Minnesota Democratic-Farmer-Labor Party leaders criticize Trump for failing Indigenous people
Minnesota Democratic-Farmer-Labor Party
Yesterday, as Ivanka Trump prepares to visit Bloomington, Minnesota, to attend the opening of a Missing and Murdered Native American Cold Case Office, leaders of the Minnesota Democratic-Farmer-Labor Party criticized the Trump administration for failing to seriously and materially support Tribal Nations.
As Trump’s failed response to COVID-19 takes a heavy toll on people across America, the impact of the virus is being felt disproportionately by Indigenous people. If Trump’s administration succeeded in trying to deny Tribal Nations any of the $2.2 trillion of COVID relief funding that Congress passed, that impact would be far worse. To make matters worse, Donald Trump has repeatedly used a racist slur against Indigenous people and defended others who engaged in similar behavior.
United States Senator Tina Smith, a member of the Senate Indian Affairs Committee, released the following statement on Trump’s abysmal record with Native Americans:
“We need to live up to the federal government's trust and treaty responsibilities to Tribes. Donald Trump and his Administration fall woefully short of that goal. The most recent examples of this can be seen in the fact that despite Congress agreeing to $8 billion in emergency relief to help Tribes respond to COVID, Tribal governments had to continue to fight to get their fair share. It took the Treasury Department forty days to distribute just over half--not even the full sum--of the funds to Tribes, and it wasn't until almost three months after the CARES Act that Tribal governments received the rest. The Administration fought against Tribes' flexible use of funds, and delayed guidance when it came to the Paycheck Protection Program. Rather than a photo op, the Trump Administration should focus on following through and real action to help Tribal communities in Minnesota and across the country."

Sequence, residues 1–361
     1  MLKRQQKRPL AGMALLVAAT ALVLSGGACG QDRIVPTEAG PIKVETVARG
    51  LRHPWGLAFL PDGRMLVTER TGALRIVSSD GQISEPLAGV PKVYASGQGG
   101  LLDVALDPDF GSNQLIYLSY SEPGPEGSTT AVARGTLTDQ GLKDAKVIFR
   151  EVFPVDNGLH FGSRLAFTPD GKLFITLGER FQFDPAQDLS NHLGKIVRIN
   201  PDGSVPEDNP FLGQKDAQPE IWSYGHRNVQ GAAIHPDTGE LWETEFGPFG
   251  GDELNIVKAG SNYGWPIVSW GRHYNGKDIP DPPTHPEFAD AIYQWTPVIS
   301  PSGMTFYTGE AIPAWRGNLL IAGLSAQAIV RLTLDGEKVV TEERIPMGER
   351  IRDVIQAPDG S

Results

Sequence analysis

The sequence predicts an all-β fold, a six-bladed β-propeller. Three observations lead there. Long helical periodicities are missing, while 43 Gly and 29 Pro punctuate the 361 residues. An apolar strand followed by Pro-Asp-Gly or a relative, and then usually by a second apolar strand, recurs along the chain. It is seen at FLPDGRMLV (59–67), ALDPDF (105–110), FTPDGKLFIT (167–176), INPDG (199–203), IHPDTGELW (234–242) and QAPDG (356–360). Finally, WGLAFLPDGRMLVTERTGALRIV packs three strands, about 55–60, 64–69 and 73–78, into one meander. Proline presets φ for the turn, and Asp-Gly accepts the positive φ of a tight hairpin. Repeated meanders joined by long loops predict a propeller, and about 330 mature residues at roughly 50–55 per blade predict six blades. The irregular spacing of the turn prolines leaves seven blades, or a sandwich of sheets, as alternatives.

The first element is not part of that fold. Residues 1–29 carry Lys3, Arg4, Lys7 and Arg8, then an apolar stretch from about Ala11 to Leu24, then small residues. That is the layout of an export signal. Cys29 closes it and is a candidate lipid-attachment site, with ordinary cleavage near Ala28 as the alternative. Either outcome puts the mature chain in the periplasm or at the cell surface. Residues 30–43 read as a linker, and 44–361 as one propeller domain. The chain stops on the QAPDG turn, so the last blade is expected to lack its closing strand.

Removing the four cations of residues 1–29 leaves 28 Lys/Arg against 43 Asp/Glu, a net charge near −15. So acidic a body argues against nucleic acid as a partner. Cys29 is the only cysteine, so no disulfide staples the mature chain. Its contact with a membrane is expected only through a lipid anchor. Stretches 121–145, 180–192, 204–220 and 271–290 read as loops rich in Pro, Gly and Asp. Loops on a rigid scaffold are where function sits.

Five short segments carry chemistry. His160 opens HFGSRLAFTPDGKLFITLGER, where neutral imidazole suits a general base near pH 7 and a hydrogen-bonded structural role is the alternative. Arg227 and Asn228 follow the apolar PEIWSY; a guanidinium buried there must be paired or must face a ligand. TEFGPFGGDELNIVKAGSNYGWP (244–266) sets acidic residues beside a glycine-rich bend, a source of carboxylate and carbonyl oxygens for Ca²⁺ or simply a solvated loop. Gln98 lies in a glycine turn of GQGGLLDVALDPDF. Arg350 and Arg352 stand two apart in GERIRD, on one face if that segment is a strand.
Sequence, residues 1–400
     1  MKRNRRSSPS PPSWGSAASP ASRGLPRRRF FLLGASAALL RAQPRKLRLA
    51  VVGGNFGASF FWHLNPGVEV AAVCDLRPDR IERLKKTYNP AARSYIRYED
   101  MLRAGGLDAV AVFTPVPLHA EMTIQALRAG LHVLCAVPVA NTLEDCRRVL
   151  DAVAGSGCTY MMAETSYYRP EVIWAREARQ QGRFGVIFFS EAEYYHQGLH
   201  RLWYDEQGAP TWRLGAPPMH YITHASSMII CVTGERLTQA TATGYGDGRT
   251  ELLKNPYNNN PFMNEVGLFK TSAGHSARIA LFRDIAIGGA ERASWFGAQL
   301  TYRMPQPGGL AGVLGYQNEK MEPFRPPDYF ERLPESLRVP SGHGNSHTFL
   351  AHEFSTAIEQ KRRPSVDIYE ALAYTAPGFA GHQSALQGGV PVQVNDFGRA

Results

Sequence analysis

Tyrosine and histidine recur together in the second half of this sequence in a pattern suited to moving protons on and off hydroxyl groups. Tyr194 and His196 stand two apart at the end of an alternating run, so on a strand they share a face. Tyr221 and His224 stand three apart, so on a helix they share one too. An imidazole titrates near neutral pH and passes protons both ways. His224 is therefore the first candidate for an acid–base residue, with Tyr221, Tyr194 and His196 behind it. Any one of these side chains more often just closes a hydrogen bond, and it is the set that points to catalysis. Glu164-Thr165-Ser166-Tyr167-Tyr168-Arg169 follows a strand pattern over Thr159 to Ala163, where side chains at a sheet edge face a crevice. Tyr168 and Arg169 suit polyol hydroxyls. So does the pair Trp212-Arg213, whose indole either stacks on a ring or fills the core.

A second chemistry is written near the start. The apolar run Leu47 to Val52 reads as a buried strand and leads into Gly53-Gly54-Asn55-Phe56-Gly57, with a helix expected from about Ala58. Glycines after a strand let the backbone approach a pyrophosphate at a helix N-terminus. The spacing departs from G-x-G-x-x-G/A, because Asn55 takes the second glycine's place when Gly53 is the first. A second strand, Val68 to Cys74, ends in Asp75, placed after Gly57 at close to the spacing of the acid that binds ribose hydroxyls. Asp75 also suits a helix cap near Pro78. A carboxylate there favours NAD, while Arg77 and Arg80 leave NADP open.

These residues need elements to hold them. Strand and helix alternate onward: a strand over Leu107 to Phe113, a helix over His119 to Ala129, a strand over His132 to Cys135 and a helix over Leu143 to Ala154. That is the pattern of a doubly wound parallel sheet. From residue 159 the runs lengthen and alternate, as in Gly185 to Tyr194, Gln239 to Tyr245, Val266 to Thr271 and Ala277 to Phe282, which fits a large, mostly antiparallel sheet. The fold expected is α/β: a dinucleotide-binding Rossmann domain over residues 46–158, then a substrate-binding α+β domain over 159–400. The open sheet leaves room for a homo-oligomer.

Lt. Governor Peggy Flanagan, of the White Earth Nation of Ojibwe, the highest ranking Native woman elected to executive office, took this opportunity to draw the contrast between the Trump Administration and Vice President Joe Biden:
“Donald Trump made a career demonstrating and celebrating behavior that perpetuates violence against Native women and girls,” said Lt. Governor Peggy Flanagan. “We need a President who will fight for the health and safety of women and Native people across the country. Joe Biden spent his career doing just that and will set a good example for our children as they learn to treat their neighbors with dignity and respect.”
State Representative Mary Kunesh Podein, a descendant of the Standing Rock Lakota:
"For generations, our American Indian communities have persevered despite historic violence and neglect from the federal government. We, in Minnesota, have worked so hard for a genuine, community-led task force to address our missing and murdered Indigenous women. This sudden interest and visit by Ivanka Trump feels disingenuous and smacks of manipulated political showcasing. If Trump and Ivanka want to make a difference in a real way for our American Indian women and girls, make Congress pass the 2020 Violence Against Women Act (VAWA) and make real investments in affordable housing and education in tribal communities."
State Representative Jamie Becker-Finn, a descendant of the Leech Lake Band of Ojibwe:
"Donald Trump tried to cut Tribal Nations out of COVID-19 relief funding, has repeatedly used anti-Native slurs and phrases, and deliberately erases Indigenous people out of his version of American history. Donald Trump's decades of hostility towards Indigenous people can't be undone with a cheap media stunt. Using the pain of Native women and families as a campaign prop isn't going to win him any votes here in Minnesota."